My parents lied to the airline, said I was five. Rules
were made to be broken when convenient, when
getting rid of me, when I needed to be old enough
to fly alone. The stewardess gave me wings. The pilot
showed me the cockpit, my first view of cerulean sky.
I was four. I flew south. For the summer, I was sent
to Carson, California where I ate cinnamon
toast, drank chocolate milkshakes for breakfast made
each morning by my stoned and seventeen Aunt Lawana,
who embodied the fearlessness I would always crave.
First rule: Granny refused to let Jolene be played
in her house. Said it was about a cheatin’ woman
and no good would ever come of that filthy song.
One night, after a bucket of fried chicken, I caught
her singing a verse or two. Bad memories got stuck
down deep in her throat, ‘til she nearly choked
to death and Pa had to save her. He gave her
a can of Fresca, bought her endless bags of yarn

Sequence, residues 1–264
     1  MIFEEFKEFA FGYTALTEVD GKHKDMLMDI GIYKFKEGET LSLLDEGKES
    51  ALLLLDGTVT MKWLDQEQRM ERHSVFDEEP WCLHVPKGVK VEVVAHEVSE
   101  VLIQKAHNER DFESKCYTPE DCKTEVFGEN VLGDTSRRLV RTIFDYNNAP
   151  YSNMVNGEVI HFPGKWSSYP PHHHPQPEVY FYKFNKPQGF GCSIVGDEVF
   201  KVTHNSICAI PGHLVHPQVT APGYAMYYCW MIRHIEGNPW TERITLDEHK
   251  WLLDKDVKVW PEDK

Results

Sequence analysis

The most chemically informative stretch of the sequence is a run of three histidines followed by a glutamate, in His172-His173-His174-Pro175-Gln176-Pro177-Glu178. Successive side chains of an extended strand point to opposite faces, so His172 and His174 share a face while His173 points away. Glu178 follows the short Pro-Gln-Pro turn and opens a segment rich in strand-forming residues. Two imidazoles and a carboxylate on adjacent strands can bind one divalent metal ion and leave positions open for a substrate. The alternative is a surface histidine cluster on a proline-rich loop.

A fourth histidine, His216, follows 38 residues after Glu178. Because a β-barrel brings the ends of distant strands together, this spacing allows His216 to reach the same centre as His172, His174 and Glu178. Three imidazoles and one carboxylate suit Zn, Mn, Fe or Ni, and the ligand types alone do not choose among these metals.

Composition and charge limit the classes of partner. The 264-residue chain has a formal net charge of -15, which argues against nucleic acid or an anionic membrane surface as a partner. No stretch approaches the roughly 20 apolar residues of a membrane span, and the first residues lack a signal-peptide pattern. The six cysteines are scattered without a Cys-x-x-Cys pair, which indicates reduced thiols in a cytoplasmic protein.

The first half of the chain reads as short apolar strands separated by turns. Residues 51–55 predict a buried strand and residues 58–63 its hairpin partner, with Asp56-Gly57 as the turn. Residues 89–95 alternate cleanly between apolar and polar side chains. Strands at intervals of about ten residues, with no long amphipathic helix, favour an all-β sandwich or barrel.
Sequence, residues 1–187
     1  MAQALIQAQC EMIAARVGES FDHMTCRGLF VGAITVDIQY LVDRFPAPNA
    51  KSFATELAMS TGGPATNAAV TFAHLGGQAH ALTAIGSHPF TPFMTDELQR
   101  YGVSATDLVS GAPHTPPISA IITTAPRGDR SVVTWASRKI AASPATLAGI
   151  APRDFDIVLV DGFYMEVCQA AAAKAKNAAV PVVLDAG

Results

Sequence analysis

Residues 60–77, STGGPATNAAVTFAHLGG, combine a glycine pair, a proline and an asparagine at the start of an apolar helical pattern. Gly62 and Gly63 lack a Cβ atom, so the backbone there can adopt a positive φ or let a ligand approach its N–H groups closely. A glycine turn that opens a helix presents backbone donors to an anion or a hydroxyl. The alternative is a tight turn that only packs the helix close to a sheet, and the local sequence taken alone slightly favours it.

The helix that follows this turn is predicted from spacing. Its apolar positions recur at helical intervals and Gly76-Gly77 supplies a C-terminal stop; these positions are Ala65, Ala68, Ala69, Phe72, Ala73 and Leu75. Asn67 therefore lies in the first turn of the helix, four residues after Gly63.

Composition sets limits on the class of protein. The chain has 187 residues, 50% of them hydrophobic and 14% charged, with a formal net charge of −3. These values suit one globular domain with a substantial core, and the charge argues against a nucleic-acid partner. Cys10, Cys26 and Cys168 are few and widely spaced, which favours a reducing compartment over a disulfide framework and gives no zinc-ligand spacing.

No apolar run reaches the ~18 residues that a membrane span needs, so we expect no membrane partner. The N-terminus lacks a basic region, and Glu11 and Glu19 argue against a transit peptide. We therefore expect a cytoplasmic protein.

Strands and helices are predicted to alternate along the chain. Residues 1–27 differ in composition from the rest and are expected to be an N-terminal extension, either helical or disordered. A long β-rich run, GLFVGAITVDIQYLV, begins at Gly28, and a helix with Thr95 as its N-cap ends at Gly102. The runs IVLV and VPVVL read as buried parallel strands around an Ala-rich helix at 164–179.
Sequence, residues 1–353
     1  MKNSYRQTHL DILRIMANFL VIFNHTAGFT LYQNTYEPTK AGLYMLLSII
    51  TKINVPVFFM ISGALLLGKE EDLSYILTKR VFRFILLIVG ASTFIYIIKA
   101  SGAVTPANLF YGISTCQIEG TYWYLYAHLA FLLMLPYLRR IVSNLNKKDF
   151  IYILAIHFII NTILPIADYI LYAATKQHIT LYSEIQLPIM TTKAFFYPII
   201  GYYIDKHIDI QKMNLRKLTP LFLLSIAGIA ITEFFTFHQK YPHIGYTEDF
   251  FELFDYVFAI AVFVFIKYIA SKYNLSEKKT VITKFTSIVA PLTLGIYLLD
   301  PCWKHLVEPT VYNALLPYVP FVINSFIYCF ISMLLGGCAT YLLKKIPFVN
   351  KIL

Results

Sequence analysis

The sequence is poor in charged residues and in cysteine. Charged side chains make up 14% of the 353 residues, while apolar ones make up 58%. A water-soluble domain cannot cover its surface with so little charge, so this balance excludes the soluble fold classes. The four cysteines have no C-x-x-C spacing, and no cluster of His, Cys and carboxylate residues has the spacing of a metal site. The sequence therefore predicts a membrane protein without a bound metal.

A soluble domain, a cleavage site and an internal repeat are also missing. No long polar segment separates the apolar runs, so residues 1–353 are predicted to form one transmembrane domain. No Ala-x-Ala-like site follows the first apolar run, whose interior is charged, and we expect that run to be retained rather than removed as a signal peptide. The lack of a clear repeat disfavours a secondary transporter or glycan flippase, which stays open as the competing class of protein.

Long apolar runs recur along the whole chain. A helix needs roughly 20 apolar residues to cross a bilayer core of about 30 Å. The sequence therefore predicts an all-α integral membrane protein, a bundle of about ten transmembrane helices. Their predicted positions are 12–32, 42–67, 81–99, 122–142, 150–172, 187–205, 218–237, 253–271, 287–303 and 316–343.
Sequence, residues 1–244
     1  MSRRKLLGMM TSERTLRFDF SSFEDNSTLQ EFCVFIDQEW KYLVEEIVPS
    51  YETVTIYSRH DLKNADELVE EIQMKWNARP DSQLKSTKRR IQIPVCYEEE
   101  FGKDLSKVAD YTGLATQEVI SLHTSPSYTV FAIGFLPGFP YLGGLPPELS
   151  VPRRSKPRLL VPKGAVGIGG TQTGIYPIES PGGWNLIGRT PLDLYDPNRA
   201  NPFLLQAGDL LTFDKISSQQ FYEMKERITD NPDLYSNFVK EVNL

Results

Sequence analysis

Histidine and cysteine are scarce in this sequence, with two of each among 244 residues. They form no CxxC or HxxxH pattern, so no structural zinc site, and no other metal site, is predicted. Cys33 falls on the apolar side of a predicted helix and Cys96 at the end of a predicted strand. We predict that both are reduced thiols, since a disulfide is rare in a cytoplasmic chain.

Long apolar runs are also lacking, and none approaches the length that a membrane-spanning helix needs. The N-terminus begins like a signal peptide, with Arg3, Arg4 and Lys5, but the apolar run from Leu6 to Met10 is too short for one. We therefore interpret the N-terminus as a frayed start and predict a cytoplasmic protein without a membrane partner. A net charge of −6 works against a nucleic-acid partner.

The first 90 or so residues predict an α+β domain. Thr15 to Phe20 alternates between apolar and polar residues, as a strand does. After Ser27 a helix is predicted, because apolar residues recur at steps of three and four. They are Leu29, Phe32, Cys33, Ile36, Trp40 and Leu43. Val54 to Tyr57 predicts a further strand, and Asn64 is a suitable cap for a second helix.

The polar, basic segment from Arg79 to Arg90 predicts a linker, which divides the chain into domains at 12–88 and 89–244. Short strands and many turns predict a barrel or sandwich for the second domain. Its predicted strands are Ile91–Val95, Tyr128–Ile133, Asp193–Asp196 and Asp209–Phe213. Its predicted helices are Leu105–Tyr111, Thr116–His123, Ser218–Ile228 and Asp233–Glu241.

to knit dresses for her toilet paper dolls, living
like banished woman in the bathroom, breathing.
Granny rubbed tobacco into my skin so I would know
how to always soothe a sting. Pa filled the Doughboy
pool so I could float on my back beneath the pomegranate
trees. So I could throw my dreams up to the sun, hoping
in September the truthful sky would carry me home.
David-Matthew Barnes is the award-winning author of several novels and collections of stage plays, monologues, scenes, and poetry. His poetry has been featured in The Comstock Review, The Magnolia Review, Memoryhouse, Sonic Boom, The Southeast Review, and more. He was selected by Kent State University as the national winner of the Hart Crane Memorial Poetry Award. He has been an arts educator for more than a decade. For more information, please visit http://www.davidmatthewbarnes.com.